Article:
Diane Keaton, Annie Hall
Thursday, September 12, 2013
Annie Hall remains Diane Keaton's signature role, although she has since given deeper and more demanding performances. She won the Oscar for it, although Keaton herself has written that her own mother, in her journal, wrote that upon watching it, "I only saw Diane, her mannerisms, expressions, dress, hair, etc., the total her...." And Keaton agreed: "Like Mom, I was ... consumed by the 'me' of it all...."
Keaton had even played something of an early version of Annie in one of her first films, also with Woody Allen, Play It Again, Sam (1972). And it's unlikely that Keaton would have won not only the Oscar for Annie Hall, but also the Best Actress awards from the New York Film Critics and from the National Society of Film Critics, had it not been for another 1977 performance in the controversial Looking for Mr. Goodbar. The critics were divided about Goodbar-- but for some it was the performance the year.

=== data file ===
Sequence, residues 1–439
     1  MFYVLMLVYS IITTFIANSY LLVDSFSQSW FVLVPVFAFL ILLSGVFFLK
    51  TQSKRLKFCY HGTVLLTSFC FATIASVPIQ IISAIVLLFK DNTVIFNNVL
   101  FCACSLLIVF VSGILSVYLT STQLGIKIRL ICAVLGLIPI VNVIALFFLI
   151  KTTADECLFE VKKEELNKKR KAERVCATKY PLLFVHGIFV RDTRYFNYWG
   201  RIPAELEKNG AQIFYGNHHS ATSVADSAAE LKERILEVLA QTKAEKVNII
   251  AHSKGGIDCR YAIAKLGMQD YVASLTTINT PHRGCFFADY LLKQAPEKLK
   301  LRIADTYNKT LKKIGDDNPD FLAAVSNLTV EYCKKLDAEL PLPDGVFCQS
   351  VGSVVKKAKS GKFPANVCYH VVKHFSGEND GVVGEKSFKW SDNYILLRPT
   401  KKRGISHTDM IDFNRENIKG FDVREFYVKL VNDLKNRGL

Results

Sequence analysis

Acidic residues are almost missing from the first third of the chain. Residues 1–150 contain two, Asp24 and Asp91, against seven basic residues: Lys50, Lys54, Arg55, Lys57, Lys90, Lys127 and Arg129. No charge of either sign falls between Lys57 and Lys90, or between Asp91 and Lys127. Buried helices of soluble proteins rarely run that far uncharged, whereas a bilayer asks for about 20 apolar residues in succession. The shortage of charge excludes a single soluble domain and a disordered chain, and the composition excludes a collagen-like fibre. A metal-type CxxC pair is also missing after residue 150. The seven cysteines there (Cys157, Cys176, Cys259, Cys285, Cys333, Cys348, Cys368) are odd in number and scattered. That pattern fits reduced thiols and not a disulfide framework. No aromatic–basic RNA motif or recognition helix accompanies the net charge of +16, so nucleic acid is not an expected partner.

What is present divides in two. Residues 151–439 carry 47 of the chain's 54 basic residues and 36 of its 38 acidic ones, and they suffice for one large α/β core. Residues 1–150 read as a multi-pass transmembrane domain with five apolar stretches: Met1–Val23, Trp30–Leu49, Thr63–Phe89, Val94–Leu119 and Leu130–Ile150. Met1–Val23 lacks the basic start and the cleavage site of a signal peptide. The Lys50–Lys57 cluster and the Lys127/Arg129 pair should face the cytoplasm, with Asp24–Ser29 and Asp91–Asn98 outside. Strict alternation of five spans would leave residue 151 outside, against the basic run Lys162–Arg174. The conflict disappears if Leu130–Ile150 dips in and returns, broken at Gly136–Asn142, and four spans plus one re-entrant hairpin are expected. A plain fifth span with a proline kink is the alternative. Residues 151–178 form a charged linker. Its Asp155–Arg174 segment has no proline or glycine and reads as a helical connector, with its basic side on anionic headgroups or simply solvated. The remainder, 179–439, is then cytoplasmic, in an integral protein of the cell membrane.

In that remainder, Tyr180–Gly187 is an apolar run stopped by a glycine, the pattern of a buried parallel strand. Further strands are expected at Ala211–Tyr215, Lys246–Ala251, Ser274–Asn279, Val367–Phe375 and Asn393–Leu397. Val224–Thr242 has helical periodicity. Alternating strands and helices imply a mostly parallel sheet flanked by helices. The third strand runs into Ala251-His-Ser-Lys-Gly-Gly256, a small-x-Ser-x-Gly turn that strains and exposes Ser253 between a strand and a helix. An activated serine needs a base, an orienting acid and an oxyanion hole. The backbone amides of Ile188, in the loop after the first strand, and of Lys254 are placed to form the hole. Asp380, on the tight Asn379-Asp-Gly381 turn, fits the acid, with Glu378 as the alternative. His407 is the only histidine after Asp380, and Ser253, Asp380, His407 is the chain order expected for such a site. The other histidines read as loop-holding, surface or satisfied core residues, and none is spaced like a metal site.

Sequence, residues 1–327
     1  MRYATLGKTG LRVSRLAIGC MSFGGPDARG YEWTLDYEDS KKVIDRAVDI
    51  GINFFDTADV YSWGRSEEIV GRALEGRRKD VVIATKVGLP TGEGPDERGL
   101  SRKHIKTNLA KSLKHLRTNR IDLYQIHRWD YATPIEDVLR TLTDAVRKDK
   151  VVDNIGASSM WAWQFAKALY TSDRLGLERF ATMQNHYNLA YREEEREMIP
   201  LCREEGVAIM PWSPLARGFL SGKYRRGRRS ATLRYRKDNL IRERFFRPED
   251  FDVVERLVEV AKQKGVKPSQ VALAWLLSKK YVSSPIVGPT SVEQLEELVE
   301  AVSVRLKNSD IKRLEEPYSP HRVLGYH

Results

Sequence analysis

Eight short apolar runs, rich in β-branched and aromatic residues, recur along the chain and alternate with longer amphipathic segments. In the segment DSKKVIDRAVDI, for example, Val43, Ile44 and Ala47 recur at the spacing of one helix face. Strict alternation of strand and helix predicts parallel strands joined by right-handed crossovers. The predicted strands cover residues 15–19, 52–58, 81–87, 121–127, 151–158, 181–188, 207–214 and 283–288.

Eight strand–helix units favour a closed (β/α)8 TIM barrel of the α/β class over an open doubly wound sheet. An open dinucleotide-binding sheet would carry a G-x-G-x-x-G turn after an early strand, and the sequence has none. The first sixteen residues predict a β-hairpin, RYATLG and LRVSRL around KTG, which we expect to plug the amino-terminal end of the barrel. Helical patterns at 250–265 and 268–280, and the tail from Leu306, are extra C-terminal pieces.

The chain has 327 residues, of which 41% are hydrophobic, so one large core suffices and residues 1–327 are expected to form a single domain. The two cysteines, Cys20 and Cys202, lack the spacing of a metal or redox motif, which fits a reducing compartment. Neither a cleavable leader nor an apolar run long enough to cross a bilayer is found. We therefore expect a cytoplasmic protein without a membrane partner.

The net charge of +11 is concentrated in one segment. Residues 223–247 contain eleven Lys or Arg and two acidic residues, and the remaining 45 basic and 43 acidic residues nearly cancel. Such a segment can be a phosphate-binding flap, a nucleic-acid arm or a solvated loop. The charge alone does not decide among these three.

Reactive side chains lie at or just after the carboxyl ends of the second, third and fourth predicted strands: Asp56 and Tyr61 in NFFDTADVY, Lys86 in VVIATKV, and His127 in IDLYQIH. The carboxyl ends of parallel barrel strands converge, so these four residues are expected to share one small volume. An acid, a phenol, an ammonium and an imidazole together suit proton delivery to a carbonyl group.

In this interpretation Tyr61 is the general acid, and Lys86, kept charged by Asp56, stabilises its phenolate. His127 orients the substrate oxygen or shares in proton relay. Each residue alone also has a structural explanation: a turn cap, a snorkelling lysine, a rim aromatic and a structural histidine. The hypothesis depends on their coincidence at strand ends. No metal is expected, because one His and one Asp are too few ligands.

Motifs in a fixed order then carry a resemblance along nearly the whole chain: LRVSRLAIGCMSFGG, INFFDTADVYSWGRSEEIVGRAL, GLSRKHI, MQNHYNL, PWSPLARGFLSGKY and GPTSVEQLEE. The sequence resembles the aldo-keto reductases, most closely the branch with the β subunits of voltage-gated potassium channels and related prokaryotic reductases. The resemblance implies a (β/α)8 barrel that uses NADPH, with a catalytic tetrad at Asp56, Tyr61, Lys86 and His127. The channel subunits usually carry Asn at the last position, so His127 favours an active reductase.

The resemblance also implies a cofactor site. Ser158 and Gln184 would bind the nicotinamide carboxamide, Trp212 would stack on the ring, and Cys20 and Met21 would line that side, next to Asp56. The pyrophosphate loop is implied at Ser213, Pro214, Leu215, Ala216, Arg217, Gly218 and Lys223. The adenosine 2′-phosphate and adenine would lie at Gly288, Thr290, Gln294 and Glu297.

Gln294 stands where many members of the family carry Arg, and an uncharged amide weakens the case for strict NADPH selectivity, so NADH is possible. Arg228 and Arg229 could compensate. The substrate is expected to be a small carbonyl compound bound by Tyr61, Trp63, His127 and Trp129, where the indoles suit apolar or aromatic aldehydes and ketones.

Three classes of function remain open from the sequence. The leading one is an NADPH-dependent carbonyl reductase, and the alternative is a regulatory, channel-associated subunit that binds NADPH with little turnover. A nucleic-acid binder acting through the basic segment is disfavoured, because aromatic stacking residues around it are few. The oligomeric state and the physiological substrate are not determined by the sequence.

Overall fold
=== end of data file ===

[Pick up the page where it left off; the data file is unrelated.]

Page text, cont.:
And yet as Annie, as Ethan Mordden wrote, "She is to love." Pauline Kael wrote that as "the dazed, iridescent Annie ... all the time, she emanates warmth--miraculously, naturally. It's in her long-legged softness, in her coloring, her flesh tones, her sunny, broad smile."
Because Keaton is so lightweight as Annie, it's easy to overlook her technical accomplishment. The scene in which Annie meets Alvy after playing tennis is breathtaking--Annie runs a gamut of self-conscious responses, and Keaton is spontaneous but seamless, funny and touching, fanciful and natural--and warm.
Tuesday, January 10, 2006
“…. Part of the frisson of the Allen-Keaton relationship was obviously derived from a self-conscious magnification of the tension between Jew and gentile. But there were deeper and stronger tensions as well between his intellect and her intuition, his maturity and her eccentricity, his tortured personality and her furtive personality. The pairing is so ridiculously impossible that it becomes indescribably moving. It is moving in the way that Diane Keaton sings "It Had To Be You" and "Seems Like Old Times" in an unexpectedly sweet, high register, and a deliciously delayed tempo in which she almost just misses the beat before scooping down to pick it up as her eyes dart wildly and mischievously from behind her long hair. What is she looking at? The camera? Her ex-lover? The rest of us? Or are her eyes simply glazed over with crazy expectations? It is a strange spectacle, and in its strangedness is its conviction.